- Be prepared for travel to temporary field assignments in remote locations
Second-tier mammologist roles often have an additional level of managerial tasks to facilitate the project's timing, budgeting, and communications needs. Some common tasks may include:
- Planning and scheduling research trips and associated logistics
- Presenting findings and research to stakeholders
- Constructing budgets and timelines for workgroup
- Serving as point of contact for peer-review data calls and planning
- Serving on agency working groups to provide consultancy
- Conducting reviews of records, reports, and assessments
- Coordinating technical details for a range of cross-disciplinary projects
- Coordinating data collection and input, interpretation, and reporting
- Navigating environmental regulations and environmental approvals processes
What Is the Job Demand for Mammalogists?
The job demand for Mammalogists is expected to grow 5% in the next 10 years (2020-2030), which is slower than average.* Though increasing environmental concerns and a growing human population will increase demand for Mammalogists, the number of positions open will largely depend on government budgets.
What Are the Education Requirements to Become a Mammalogist?
Mammalogists require a bachelor's degree for entry-level positions, though many go on to obtain a master's degree or Ph.D. Some recommended majors for a bachelor's degree include zoology, biology, or other related field.
Knowledge of Geographic Information Systems (GIS) and other software can help Mammalogists gather data efficiently and be able to improve their performance during fieldwork. After earning a Ph.D., some Mammalogists will go on to teach at universities full-time or to supplement their current income.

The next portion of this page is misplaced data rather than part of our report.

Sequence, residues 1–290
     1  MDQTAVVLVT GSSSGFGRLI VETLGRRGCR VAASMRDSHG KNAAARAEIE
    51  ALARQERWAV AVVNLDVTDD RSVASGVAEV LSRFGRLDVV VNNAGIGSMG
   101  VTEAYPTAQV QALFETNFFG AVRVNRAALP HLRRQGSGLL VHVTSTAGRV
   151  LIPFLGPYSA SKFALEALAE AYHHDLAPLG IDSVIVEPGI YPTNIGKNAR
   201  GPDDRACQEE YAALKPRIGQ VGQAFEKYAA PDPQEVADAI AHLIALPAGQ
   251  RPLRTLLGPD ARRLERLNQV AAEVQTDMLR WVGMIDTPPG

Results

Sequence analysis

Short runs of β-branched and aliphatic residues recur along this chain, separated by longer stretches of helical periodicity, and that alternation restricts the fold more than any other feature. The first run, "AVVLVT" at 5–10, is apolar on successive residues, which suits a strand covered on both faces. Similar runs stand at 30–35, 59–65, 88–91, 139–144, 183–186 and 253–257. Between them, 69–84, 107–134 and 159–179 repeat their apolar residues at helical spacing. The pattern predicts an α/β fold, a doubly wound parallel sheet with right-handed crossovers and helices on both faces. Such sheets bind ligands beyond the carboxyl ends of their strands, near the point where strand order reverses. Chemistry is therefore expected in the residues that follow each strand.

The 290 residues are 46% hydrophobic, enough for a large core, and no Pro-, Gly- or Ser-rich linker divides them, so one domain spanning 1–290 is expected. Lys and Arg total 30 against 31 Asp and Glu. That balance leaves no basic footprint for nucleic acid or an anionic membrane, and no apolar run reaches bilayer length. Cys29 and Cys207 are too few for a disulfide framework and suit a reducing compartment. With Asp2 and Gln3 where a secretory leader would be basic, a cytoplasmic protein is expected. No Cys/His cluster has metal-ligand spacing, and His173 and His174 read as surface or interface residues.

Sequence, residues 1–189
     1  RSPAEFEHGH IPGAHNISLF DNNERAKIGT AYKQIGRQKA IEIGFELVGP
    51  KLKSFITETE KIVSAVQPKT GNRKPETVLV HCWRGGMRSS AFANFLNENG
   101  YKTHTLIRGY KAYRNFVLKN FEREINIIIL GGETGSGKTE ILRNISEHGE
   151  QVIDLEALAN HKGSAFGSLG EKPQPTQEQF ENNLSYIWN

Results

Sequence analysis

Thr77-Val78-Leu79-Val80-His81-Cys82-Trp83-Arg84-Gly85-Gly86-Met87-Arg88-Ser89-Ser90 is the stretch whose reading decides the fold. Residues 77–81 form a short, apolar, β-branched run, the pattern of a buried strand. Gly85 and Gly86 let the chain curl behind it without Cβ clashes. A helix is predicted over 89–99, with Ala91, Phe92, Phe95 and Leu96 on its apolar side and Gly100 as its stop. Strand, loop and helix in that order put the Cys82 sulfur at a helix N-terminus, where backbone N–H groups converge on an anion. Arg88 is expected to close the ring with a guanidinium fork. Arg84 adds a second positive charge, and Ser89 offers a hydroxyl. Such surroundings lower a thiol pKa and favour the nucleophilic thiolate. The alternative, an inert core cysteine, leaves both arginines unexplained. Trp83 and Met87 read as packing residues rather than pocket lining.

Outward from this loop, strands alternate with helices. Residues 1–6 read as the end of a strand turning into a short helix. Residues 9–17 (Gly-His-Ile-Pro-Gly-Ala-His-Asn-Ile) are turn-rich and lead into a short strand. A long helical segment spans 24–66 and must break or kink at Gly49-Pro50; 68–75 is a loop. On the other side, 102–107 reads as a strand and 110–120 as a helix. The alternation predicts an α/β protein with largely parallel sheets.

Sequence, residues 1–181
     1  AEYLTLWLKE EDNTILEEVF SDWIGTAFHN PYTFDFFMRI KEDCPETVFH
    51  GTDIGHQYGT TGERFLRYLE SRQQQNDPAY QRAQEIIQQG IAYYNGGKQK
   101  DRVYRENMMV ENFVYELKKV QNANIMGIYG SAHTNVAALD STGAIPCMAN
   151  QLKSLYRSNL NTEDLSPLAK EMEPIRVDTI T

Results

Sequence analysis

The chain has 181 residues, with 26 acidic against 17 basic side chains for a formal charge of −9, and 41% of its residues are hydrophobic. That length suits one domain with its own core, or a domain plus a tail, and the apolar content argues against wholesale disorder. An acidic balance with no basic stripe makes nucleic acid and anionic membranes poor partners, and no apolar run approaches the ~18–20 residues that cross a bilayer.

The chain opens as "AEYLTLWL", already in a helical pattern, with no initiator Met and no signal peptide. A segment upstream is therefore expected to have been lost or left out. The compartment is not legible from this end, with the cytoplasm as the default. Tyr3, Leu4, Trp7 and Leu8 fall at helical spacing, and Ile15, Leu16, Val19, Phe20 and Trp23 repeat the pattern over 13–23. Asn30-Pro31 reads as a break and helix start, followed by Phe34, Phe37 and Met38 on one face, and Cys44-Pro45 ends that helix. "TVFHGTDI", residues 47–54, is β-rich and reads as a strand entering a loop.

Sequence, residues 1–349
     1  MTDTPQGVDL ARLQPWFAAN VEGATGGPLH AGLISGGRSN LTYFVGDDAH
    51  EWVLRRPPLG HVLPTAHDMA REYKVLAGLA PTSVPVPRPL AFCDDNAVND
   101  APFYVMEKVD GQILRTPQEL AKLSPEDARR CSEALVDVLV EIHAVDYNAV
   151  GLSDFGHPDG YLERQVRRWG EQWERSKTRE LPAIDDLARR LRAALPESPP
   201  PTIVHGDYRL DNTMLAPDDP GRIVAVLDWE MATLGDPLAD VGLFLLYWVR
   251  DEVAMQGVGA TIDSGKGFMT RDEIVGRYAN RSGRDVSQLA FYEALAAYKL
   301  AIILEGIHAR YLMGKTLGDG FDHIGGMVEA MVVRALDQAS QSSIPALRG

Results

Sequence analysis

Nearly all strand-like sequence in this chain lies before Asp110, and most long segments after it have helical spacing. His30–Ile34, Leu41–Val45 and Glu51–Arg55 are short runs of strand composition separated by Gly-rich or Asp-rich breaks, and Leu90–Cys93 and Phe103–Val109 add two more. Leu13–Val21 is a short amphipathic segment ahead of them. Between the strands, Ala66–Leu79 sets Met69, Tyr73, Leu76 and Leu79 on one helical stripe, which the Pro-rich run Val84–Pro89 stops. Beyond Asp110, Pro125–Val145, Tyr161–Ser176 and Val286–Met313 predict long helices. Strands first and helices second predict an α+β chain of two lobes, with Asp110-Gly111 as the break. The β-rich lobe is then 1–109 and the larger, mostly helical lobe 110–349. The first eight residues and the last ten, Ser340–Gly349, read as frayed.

Degrees Related to Mammalogists
What Kind of Societies and Professional Organizations Do Mammalogists Have?
Mammalogists and those who wish to become Mammalogists can look to the following government websites for guidance:
- National Park Service (NPS) is a bureau of the U.S. Department of the Interior that is responsible for supporting local history and natural lands in America. Many Mammalogists are employed by the government in some capacity, making this website a potential resource for some.
Mammalogists can also browse through these organizations and websites for valuable resources:
- American Society of Mammalogists (ASM) This professional society for Mammalogists boasts around 2,500 members that work in many different aspects of the industry. This organization gives members access to grant opportunities, industry-specific publications, continuing education, and group meetings. Overall, this society is dedicated to furthering the careers of Mammalogists everywhere.
- American Institute of Biological Sciences (AIBS) is a nonprofit association that brings together biological researchers of all kinds from the United States. The focus on this organization is to spread information associated with the promotion of the field and showing its importance through advocacy and public policy efforts.
*2020 US Bureau of Labor Statistics salary figures and job growth projections for zoologists and wildlife biologists reflect national data not school-specific information. Conditions in your area may vary. Data accessed September 2021.